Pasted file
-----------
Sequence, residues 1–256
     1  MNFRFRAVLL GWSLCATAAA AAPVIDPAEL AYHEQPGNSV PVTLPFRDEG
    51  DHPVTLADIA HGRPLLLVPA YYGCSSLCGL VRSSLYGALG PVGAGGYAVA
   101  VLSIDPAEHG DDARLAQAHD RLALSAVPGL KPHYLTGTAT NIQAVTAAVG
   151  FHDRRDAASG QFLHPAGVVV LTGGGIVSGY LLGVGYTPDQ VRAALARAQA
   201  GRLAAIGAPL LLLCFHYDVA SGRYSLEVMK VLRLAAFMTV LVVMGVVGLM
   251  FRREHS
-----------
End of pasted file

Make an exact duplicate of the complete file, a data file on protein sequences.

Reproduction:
Sequence, residues 1–256
     1  MNFRFRAVLL GWSLCATAAA AAPVIDPAEL AYHEQPGNSV PVTLPFRDEG
    51  DHPVTLADIA HGRPLLLVPA YYGCSSLCGL VRSSLYGALG PVGAGGYAVA
   101  VLSIDPAEHG DDARLAQAHD RLALSAVPGL KPHYLTGTAT NIQAVTAAVG
   151  FHDRRDAASG QFLHPAGVVV LTGGGIVSGY LLGVGYTPDQ VRAALARAQA
   201  GRLAAIGAPL LLLCFHYDVA SGRYSLEVMK VLRLAAFMTV LVVMGVVGLM
   251  FRREHS